As an open-air museum, Civil War Trails continue to serve visitors in a safe and socially responsible way. With summer quickly approaching, this is why the historical program is a great option for people wanting to take safe day trips close to home.
Civil War Trails began in 1994 and connects visitors with sites of the Civil War. According to the website, a group of historians linked together the sites connecting Petersburg and Robert E. Lee’s surrender at Appomattox. Their guest-focused approach allows them to “interpret – not commemorate or memorialize – the events, people, and places of the most pivotal time in our nation’s history.”
Today, the program guides visitors to over 1,200 sites across six states.
Drew Gruber, Executive Director of Civil War Trails, says that as an open-air museum, people have been using the trails as a safe and socially responsible resource. Some teachers are using the content at the trails to help their work as new homeschool teachers.
“As we become more comfortable traveling,” says Gruber, “utilize Trails as a way to visit new places close to home or as a way to find small businesses offering curbside service or unique shopping experiences.”
Caroline Logan, Director of Communications at Virginia Tourism Corporation, says that open-air museums like these trails “are a great way to explore and learn along Virginia’s backroads, nestled against some of the most beautiful landscapes anywhere.”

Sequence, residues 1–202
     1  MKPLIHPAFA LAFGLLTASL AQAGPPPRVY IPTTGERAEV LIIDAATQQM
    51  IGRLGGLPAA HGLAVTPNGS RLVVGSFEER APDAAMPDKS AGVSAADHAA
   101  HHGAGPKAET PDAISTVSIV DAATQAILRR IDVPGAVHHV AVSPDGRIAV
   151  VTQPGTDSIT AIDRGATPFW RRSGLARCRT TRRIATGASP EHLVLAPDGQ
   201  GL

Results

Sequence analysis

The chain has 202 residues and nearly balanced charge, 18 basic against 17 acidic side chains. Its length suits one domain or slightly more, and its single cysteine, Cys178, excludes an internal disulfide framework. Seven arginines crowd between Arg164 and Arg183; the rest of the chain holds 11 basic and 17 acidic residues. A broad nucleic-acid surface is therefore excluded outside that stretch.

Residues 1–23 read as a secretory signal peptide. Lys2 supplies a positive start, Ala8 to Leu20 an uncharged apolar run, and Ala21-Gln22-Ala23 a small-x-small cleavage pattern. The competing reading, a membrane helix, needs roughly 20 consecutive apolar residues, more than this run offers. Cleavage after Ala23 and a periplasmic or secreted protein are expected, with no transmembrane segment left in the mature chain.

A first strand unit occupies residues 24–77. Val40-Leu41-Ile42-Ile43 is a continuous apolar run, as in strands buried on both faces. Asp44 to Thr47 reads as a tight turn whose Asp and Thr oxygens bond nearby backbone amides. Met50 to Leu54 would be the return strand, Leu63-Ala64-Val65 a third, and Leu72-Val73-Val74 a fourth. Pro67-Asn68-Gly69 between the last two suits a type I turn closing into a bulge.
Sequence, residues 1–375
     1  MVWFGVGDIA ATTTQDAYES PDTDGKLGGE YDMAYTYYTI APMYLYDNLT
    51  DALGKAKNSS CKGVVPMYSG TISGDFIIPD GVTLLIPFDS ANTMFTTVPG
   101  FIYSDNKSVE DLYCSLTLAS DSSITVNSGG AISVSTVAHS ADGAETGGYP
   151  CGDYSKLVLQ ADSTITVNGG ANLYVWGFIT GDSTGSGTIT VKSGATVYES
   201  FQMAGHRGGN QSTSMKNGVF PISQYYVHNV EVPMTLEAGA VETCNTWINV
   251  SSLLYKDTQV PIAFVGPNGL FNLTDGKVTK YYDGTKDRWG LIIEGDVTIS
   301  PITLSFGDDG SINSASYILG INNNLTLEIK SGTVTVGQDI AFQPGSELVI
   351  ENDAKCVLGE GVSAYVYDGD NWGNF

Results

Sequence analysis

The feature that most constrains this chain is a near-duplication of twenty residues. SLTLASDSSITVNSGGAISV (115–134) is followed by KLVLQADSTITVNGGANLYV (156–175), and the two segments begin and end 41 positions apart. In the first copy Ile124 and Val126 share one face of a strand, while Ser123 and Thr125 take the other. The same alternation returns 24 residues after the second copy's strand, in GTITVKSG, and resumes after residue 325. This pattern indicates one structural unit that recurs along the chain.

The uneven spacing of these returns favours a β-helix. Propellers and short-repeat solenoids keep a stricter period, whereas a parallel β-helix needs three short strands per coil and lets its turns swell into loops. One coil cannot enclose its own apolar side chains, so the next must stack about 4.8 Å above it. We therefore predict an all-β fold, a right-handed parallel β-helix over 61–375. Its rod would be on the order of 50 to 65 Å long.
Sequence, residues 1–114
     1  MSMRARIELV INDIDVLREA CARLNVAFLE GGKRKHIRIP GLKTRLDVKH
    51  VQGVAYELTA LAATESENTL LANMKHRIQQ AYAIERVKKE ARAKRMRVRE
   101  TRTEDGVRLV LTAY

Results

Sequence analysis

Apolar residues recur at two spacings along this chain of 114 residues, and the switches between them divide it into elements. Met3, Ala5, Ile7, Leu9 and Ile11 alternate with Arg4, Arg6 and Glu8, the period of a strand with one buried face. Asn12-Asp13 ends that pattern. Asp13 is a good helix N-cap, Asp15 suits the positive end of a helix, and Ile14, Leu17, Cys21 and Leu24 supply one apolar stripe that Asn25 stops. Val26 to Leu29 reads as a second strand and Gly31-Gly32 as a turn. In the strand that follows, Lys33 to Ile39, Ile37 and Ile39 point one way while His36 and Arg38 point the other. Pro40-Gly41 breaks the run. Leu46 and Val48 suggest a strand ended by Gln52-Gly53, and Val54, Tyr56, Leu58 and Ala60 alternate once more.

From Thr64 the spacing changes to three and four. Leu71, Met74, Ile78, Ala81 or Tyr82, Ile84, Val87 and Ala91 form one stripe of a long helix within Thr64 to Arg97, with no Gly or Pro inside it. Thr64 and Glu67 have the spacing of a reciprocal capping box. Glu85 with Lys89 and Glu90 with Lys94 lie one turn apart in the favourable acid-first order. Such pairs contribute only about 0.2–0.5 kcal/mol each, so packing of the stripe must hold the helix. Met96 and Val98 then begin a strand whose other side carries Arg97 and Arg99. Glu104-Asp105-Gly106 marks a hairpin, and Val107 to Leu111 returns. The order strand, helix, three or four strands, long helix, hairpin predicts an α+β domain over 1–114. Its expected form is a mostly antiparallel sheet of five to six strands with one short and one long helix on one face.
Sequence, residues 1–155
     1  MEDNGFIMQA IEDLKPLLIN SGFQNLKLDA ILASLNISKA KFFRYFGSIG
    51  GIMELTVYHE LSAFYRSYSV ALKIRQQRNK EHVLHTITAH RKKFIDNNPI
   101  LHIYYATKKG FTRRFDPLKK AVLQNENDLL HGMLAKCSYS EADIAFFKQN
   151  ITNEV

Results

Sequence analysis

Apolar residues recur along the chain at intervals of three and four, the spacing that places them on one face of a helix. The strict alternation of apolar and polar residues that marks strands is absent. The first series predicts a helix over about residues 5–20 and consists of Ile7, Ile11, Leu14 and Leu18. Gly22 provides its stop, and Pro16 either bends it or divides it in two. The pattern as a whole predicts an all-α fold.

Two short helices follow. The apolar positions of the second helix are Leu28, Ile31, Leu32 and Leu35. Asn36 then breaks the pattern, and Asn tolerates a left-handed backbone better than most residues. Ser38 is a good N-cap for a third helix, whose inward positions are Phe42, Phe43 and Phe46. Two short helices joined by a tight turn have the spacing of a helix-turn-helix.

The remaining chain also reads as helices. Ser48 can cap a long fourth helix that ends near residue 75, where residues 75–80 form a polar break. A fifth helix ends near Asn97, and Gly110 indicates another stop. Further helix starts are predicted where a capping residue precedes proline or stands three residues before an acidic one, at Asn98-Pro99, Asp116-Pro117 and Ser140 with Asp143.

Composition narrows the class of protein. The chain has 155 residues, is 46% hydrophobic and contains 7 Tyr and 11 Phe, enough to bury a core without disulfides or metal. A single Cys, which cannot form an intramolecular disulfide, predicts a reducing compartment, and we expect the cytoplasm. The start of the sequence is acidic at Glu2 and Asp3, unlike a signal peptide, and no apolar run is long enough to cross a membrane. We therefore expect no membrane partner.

Fairfax County residents can take advantage of the trails to safely spend time outside. According to Gruber, several surveys show that road trips and outdoor amenities will be popular as safe, trustworthy, and economical travel options post-pandemic, and Civil War Trails offers exactly that.
Patrick Lennon, Director of Marketing for Visit Fairfax, explains that visiting these trails is a great way to help Virginia’s economy. The Trails will drive people to locations they might not have otherwise gone to, where they will discover businesses, parks, and attractions nearby that they didn’t even know were there.
“These are the places that will need additional visitors once they open back up,” says Lennon. “Because they will all be hurting financially. It’s quite amazing, actually, that a historical marker can be an economic drive, but that’s exactly what Civil War Trails markers do.”
During this time of social distancing, Fairfax County residents should still remain close to home, and there are dozens of Civil War Trails scattered around the county.
Over the past years, Civil War Trails audience and program footprint has grown in size, decreased in age, and has been at the intersection of travel interests. “Foodies, adventurers, wine and art travelers all use Civil War Trails as a gateway to find hyper-local, authentic experiences,” says Gruber.